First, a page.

I have decided that watching every Elvis movie is a good idea. There are 31 movies – all musicals – in total. This project will likely drive me insane.
I don’t know why I have decided to watch every Elvis movie. I just want to. I’m generally interested in these 31 movies because they are a crucial part of a phenomenon that can’t be replicated today. The only artist today whose star persona even comes close to Elvis’s is maybe Justin Bieber. But just barely.
Elvis’s commercial breakout was in 1956, following the release of his self-titled debut album in March and his appearances on the Ed Sullivan Show in September. Elvis’s rise to unprecedented fame wasn’t without controversy. Ed Sullivan first declared Elvis “unfit for family viewing”. But when the Steve Allen Show beat the Ed Sullivan Show in ratings thanks to Presley’s July appearance, Sullivan booked the singer for three appearances. (Ratings are always more important than protecting innocent American families from a singer’s overt sexuality.)
Love Me Tender, released in November 1956, is the first film to capitalize on Elvis’s growing star. It does so by adding outlandish music performances to the post-Civil War drama. Though entertaining, the performances of “Let Me”, “Poor Boy”, and “We’re Gonna Move,” barely fit with the film’s diegesis.
Elvis doesn’t appear until 20 minutes into the film, following a long exhausting set up. The three Reno brothers, Vance, Brett, and Ray, have been fighting for the Confederacy. They rob a train carrying federal wages, unknowingly just after General Lee’s surrender. With stolen federal money in hand, the brothers decide to reunite with their family.
Then Elvis, who plays Clint Reno, finally appears and brings much needed life to the dragging storyline. Although his part seems secondary, Presley’s presence in Love Me Tender quickly eclipses everything and everyone else in the movie.
Clint stayed home to run the farm while his brothers fought in the war and he is ecstatic that his brothers have returned. But his brother’s return is about to complicate the homestead. Vance (Richard Egan) was declared dead sometime during the war, a mistake no one in the Confederate Army realized. (This could explain why the Confederacy lost.) Because the family believed that Vance had died, Clint married Vance’s girl Cathy (Debra Paget).
Vance accepts their union, even telling his mother “We always wanted Cathy in the family”. But things are never that simple and jealously quickly comes into play. Not even Elvis swiveling his hips during some sort of Miss BlueBell Sweetie Pie Dance can stop the brothers from questioning each others motives. (Unfortunately, Hart of Dixie is now my gauge for all things Southern.)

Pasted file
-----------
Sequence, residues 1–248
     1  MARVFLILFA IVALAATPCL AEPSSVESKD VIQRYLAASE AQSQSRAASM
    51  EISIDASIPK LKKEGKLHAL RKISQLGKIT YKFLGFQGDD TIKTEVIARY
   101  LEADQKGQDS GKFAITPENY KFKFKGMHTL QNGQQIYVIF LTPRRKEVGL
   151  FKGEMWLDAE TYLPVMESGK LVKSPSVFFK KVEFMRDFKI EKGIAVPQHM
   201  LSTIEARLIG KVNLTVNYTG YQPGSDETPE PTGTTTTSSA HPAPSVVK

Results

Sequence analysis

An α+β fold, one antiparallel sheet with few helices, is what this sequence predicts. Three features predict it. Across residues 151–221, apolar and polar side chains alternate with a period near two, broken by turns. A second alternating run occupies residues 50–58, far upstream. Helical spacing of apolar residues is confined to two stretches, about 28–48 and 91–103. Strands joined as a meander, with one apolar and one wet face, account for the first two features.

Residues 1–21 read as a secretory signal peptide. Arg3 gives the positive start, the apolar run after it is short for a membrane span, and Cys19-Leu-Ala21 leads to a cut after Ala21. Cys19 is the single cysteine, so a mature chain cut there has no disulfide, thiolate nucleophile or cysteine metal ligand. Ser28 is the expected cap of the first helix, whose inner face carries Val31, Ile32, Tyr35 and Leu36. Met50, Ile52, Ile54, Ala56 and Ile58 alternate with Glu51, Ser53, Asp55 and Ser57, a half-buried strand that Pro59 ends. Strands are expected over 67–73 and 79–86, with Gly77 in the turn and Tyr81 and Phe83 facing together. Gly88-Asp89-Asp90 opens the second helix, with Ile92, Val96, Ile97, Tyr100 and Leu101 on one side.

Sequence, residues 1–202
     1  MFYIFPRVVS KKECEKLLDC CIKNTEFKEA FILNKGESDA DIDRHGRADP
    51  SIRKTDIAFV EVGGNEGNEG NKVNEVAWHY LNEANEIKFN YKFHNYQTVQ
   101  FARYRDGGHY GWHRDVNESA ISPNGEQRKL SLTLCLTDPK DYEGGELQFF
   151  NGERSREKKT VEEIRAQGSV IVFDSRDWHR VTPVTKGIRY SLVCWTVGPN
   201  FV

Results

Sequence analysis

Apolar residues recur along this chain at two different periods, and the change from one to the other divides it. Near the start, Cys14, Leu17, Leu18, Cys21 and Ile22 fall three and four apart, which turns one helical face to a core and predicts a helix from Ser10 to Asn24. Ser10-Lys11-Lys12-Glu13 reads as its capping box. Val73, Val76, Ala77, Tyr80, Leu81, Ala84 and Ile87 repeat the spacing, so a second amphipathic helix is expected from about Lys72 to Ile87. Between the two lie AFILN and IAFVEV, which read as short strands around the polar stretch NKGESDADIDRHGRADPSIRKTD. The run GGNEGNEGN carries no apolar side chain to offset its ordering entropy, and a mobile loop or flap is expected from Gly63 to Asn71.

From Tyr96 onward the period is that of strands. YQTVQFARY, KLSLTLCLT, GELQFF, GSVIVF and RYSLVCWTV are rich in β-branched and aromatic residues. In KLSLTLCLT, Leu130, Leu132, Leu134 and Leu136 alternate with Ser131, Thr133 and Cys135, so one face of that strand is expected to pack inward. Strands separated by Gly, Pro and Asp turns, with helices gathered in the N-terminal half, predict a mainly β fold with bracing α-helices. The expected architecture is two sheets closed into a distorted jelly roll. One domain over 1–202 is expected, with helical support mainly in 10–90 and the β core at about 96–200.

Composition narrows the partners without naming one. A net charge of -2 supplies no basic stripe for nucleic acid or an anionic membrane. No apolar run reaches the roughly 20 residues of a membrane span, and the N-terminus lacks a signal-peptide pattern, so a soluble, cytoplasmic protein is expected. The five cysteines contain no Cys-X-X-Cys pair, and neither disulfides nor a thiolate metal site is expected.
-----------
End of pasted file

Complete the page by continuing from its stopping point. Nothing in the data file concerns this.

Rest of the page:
Federal agents then arrive in BlueBell to arrest the Reno brothers. No one believes that the brothers could have committed the crime and it becomes clear that Clint idolizes Vance, further making his marriage to Cathy strange.
Wanting to help his brothers, Clint joins some of their army friends (henceforth known as Team Confederacy), who also have a stake in the stolen money. They attack the train that is transporting the brothers to jail and Vance becomes upset that Clint is now involved. Well, Vance, what did you expect him to do? The poor boy (pun intended) didn’t get to fight in the friggin Civil War. Clint just wants to shoot a gun like a real man.
Much to the displeasure of Team Confederacy, the brothers decide to return the money and strike a deal with the authorities. Meanwhile, federal agents spend some quality time searching the Reno’s house for the stolen money and ogling Cathy’s breasts.
Cathy sneaks past the authorities and brings the stolen money to Vance but they are chased through a swamp. (This leads to Debra Paget’s 1860s version of a wet t-shirt contest.)
And so, boring plot A – the Reno brothers stole federal money – and boring plot B – Cathy still loves Vance even though she’s married to Clint – finally come together. Team Confederacy convinces Clint that he is just a pawn in his brother’s quest to win Cathy back; Vance has clearly run away with the stolen money and the girl.
Clint becomes irrational and runs off with Team Confederacy. At this point, I realized that Love Me Tender is the type of movie I shouldn’t watch because I get easily distracted by ridiculously pointless details. Seriously. Where’s the money? Who does Clint trust? What is the purpose of the two other Reno brothers? How everyone else find the secret hideout except the Federal agents? Is Cathy’s blouse missing a button or did it come like that?
Of course what really matters is that Clint’s manic episode leads to a shootout between Team Confederacy and Vance. And (spoiler alert) Clint dies.
This is the only film in which Elvis dies on screen. Apparently, his mother and fans couldn’t handle this, so Elvis promised to never die on screen again.
Love Me Tender was intended as a serious, dramatic venture for Presley. But much of the film was changed to capitalize on Presley’s sudden stardom. Thus beginning the Elvis persona and pushing him towards unprecedented fame.
I often asked myself, “Elvis, what are you doing here?” This reaction wasn’t unexpected. Jailhouse Rock, Viva Las Vegas, and Blue Hawaii all left me wondering the same thing.
I’m going to have this reaction at least 30 more times, aren’t I?